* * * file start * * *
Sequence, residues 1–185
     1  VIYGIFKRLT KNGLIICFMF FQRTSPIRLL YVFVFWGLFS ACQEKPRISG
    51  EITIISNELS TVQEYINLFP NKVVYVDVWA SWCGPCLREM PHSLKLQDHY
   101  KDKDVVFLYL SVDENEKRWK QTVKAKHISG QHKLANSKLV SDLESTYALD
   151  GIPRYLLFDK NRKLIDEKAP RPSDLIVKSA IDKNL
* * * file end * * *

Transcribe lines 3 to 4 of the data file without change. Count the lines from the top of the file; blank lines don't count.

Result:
    51  EITIISNELS TVQEYINLFP NKVVYVDVWA SWCGPCLREM PHSLKLQDHY
   101  KDKDVVFLYL SVDENEKRWK QTVKAKHISG QHKLANSKLV SDLESTYALD